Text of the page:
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Clinical and Developmental Immunology
Volume 2012, Article ID 890586, 7 pages
Review Article

The Involvement of Microglial Cells in Japanese Encephalitis Infections

1Department of Biochemistry, Faculty of Medicine, Chulalongkorn University, Bangkok 10330, Thailand
2Molecular Pathology Laboratory, Institute of Molecular Biosciences, Mahidol University, Nakorn Pathom 73170, Thailand
3Center for Emerging and Neglected Infectious Diseases, Mahidol University, Nakorn Pathom 73170, Thailand

Received 4 April 2012; Revised 11 July 2012; Accepted 12 July 2012

Academic Editor: Mark Wilson

Copyright © 2012 Thananya Thongtan et al. This is an open access article distributed under the Creative Commons Attribution License, which permits unrestricted use, distribution, and reproduction in any medium, provided the original work is properly cited.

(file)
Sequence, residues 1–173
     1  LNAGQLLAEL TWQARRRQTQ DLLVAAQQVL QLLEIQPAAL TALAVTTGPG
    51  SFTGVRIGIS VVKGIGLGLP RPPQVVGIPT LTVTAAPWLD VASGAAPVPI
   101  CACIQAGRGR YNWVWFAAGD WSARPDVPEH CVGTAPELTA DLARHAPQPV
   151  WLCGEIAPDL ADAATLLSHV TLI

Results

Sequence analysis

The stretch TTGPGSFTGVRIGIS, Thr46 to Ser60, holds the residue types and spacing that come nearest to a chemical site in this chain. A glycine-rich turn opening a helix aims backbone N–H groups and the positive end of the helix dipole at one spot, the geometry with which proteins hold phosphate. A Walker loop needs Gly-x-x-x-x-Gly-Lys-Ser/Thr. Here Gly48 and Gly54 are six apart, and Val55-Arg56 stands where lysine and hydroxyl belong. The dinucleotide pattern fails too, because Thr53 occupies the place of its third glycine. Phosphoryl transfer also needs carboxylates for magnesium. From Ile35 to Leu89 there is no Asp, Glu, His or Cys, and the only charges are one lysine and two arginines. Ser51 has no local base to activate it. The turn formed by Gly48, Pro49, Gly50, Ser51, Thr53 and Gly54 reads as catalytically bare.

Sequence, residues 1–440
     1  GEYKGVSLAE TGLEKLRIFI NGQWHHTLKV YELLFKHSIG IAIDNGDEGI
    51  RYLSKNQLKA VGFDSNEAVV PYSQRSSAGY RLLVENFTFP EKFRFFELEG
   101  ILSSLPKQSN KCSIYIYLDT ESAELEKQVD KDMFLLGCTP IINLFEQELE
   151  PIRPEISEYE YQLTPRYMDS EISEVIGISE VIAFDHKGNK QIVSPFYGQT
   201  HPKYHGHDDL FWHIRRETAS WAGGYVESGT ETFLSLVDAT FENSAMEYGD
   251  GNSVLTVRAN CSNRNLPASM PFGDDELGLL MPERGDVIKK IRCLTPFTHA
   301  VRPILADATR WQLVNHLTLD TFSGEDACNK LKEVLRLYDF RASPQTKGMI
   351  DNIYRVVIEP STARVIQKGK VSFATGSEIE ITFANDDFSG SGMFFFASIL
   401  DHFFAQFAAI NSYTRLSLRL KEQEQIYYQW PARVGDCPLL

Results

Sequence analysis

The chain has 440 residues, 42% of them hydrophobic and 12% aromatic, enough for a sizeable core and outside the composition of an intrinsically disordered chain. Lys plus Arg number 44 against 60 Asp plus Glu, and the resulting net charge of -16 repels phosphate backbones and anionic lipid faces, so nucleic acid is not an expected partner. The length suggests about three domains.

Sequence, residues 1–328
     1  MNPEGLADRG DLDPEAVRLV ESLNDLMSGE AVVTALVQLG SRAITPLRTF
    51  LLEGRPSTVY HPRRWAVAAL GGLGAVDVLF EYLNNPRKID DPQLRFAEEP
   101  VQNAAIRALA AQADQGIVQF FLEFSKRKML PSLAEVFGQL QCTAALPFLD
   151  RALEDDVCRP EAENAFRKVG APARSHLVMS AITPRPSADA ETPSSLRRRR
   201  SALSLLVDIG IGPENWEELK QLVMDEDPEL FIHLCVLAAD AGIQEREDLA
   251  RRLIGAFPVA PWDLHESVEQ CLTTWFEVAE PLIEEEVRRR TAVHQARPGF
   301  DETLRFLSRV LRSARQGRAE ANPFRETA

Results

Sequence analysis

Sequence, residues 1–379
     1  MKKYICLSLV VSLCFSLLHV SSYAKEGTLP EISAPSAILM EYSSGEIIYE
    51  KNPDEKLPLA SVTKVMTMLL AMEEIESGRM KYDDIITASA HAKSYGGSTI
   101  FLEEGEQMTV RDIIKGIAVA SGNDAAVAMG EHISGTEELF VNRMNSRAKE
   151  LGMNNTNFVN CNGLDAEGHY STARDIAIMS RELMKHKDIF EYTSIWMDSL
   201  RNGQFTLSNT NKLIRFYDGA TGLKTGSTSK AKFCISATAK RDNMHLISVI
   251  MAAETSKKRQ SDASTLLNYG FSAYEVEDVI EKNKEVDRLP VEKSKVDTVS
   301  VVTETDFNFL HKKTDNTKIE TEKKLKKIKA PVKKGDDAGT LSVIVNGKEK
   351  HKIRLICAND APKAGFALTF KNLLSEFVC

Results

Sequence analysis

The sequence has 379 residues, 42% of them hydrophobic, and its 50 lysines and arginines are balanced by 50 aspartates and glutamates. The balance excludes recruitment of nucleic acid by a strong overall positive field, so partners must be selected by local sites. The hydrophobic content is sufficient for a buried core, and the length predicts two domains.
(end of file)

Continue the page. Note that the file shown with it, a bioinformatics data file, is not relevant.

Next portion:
Despite the availability of effective vaccines, Japanese encephalitis virus (JEV) infections remain a leading cause of encephalitis in many Asian countries. The virus is transmitted to humans by Culex mosquitoes, and, while the majority of human infections are asymptomatic, up to 30% of JE cases admitted to hospital die and 50% of the survivors suffer from neurological sequelae. Microglia are brain-resident macrophages that play key roles in both the innate and adaptive immune responses in the CNS and are thus of importance in determining the pathology of encephalitis as a result of JEV infection.